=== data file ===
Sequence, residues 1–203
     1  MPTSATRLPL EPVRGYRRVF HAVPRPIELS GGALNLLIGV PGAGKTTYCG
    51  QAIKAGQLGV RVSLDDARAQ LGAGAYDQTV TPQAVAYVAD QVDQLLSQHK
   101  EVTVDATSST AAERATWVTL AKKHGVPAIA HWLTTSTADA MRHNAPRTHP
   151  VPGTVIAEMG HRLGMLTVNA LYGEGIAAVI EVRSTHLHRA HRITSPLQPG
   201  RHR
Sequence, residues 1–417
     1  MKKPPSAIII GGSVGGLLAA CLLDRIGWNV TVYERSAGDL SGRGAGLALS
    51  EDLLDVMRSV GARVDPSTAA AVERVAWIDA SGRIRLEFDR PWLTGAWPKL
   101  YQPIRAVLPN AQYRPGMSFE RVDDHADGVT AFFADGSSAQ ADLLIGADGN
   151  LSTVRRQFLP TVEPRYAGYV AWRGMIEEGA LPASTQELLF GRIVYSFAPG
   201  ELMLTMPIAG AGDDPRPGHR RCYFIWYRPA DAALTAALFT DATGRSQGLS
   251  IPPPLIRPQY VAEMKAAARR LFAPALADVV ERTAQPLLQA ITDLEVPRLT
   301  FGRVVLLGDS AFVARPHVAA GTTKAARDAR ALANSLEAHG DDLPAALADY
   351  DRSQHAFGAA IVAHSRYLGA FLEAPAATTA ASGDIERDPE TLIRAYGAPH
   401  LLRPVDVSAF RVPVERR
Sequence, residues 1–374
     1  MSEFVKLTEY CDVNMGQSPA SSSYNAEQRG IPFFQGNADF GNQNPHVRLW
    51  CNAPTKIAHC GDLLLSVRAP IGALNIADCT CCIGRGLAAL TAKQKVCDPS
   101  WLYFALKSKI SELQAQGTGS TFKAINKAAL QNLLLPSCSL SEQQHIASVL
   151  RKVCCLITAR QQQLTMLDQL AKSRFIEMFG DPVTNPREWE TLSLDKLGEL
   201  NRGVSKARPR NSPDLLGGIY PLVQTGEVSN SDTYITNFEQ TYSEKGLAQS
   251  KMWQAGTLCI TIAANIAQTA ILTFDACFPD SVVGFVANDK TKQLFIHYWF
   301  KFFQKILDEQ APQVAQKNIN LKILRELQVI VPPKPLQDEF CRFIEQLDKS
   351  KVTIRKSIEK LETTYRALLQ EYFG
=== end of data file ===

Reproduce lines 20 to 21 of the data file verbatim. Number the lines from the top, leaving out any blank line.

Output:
   101  WLYFALKSKI SELQAQGTGS TFKAINKAAL QNLLLPSCSL SEQQHIASVL
   151  RKVCCLITAR QQQLTMLDQL AKSRFIEMFG DPVTNPREWE TLSLDKLGEL